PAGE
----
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Gerhard Gerber

Rust proofing mild steel....or Aluminium?

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I've got a lift for a knife back to NZ end of July so I'm making something for my best friend from high school who is lucky enough to have escaped.

I'm using and O1 blank only 9cm long, he asked for a simple drop point, flat grind and a swedge.

Long story short, the blade came out good, he wants black and green micarta......but the hardware.....he wants a bright finish, basically SS.  Normally I use Brass of Copper flatbar about 2mm thick and matching 4mm pins......which is al the tang allows.

I can't get 4mm SS rod in this country :angry:

I have suitable mild steel and I was expecting to use that, I fully expected him to want something completely impractical, but now I have the complication that he'd like to use for food prep occasionally.

I've never used mild steel for this purpose, is it advisable and how should I finish it?

So Aluminium, I've seen the documentary, but I still use "tin" foil to roast veggies on the fire........also an option, what says the crowd?

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Aluminium for food prep I believe is acceptable so long as you are not heating it up and inhaling it I believe. You will only get a tiny amount of oxide on your hand off that little pin anyway. And after all, how long have you been storing your leftovers in it? 

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Aluminium it is. B)

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Posted (edited)

Gerhard,

Dunno if it's to late, but can you get any stainless steel at all ?  If you can,  forge out a rod and then stick int in a drill and grind it down to where you need it if you want to do the work.   Otherwise, I've had good success keeping rust away by etching the steel.  I'm sure it would work on the pins as well.    I've used a few knives that used nails for pins.  Rust wasn't the much of an issue.    Can you get small stainless steel machine screws, and use those for pins ?   Or maybe copper ?      Do you use a coating on your handles ?   Oil, or polyurethane or something ?  If it's a hard coating, then maybe under size the pins slightly, and let the coating do the protecting.   If you have access to any old computer hardware, like an old printer or scanner,  if you take those apart, they contain stainless rods in them.  If you are looking to scrounge.

Here in the states,  I worry more about the food itself, than what I'm putting in it.  Darned recall on something every day.  Then we get health code standards and blah blah blah blah.   As long as you aren't using anything toxic, I really wouldn't worry about it unless your friend is in the food prep industry.   Heck the germs on the average counter top are more dangerous.      The fake tung oil we get here Hornsby's that a lot of guys use on handles or boiled linseed oil is Not food safe.  At least until it is Fully cured and polymerized, but either way, you wouldn't want to eat any chips that may flake off.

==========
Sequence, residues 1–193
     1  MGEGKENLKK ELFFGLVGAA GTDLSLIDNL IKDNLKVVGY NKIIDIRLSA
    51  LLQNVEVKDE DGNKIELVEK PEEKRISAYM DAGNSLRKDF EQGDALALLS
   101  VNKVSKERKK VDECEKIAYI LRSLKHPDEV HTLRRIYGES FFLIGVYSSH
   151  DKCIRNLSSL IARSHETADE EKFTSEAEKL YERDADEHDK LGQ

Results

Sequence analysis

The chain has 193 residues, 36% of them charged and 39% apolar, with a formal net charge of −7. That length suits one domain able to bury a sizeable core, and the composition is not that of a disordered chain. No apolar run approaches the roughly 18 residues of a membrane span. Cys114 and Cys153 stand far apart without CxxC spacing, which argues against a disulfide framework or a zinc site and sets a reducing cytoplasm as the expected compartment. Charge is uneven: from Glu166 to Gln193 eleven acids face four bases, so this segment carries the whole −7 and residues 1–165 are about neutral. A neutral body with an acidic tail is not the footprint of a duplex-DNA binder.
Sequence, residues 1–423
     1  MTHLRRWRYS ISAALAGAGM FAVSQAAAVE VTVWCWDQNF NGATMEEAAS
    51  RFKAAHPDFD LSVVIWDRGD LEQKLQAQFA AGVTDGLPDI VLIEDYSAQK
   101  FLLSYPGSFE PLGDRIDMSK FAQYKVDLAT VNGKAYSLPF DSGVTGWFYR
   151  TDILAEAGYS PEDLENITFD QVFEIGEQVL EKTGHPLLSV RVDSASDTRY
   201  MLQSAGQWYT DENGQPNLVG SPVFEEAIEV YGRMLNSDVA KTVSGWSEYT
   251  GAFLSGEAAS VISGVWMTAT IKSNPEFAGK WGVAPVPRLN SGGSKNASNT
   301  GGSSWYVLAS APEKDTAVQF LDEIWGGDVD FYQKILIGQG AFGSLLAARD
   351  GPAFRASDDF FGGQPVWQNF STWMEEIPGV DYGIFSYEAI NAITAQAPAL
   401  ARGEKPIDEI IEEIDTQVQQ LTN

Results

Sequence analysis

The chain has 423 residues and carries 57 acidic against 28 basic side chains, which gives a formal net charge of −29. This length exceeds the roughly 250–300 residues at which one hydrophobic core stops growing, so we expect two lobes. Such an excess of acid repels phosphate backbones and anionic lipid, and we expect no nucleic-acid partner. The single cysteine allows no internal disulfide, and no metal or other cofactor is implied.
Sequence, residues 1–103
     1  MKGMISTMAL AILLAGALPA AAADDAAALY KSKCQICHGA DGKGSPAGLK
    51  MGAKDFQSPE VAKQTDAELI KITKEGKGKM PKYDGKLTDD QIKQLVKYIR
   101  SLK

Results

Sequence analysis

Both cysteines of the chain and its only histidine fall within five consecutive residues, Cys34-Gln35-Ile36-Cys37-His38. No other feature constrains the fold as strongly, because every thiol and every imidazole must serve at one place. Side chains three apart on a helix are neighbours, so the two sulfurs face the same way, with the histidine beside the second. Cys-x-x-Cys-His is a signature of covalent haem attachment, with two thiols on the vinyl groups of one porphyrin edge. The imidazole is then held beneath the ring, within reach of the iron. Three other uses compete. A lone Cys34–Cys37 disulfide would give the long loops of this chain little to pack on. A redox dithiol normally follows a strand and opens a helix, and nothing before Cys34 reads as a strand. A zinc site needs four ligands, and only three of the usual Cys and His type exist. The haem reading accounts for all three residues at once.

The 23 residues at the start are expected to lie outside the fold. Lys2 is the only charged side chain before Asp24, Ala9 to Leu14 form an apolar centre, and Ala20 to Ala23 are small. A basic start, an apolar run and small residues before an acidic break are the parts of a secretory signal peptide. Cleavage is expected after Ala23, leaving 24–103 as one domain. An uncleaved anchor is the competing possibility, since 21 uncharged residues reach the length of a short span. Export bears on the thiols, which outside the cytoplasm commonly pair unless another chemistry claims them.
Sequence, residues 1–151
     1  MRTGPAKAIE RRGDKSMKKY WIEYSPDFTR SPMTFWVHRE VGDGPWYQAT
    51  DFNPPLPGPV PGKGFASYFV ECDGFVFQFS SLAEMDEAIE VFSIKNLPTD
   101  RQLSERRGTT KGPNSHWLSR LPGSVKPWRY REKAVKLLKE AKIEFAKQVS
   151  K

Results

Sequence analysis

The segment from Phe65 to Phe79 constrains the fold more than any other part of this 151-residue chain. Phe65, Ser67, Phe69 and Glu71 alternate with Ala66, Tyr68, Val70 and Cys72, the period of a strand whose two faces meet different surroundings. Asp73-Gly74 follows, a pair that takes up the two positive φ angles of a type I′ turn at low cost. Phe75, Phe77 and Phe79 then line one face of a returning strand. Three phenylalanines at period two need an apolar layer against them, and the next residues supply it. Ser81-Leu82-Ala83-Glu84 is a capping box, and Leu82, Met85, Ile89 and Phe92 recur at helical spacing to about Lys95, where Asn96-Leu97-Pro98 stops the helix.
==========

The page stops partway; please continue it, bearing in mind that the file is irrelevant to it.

As far as aluminum, personally the color is just too off shiny for my tastes.  To each there own.

Best of Luck.

Edited by Bruno
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Hi Bruno

I have 6mm stainless rod, but getting that down to 4mm accurately enough will be a mission, I use 4mm and 6mm solid rod for pins and drill 4.1 and 6.1mm respectively so the fit is quite tight.

I liked your one idea, I only need one pin, but I honestly can't recall ever having seen stainless screws for sale locally.

Also, I would need to buy at least 1m of SS flatbar for the guard.......not much other use for what's left.

I made a batch of small knives where I used CA glue to seal the micarta handles, nice effect but I won't be sealing this handle.

 

It'll be a first for me, let's see.

Solder doesn't take on Alu I believe......:ph34r:

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Gerhard,

What if you drill a 4mm hole in a block of steel,  then make a point on the 6mm rod and pound a piece into the hole.  Something like a nail header, like the old timey blacksmiths made nails with.

If you take 2 pieces of say 1/4" flat bar,  and stick them together in a vice, then drill the 4 mm hole down the seam where the two plates meet, then you should have a 2mm half circle in each piece of flat bar.  Then pound your piece of 6mm down into it as much as you need, then remove from the vice and you can easily remove the new pin.

Hope that makes sense.  

 

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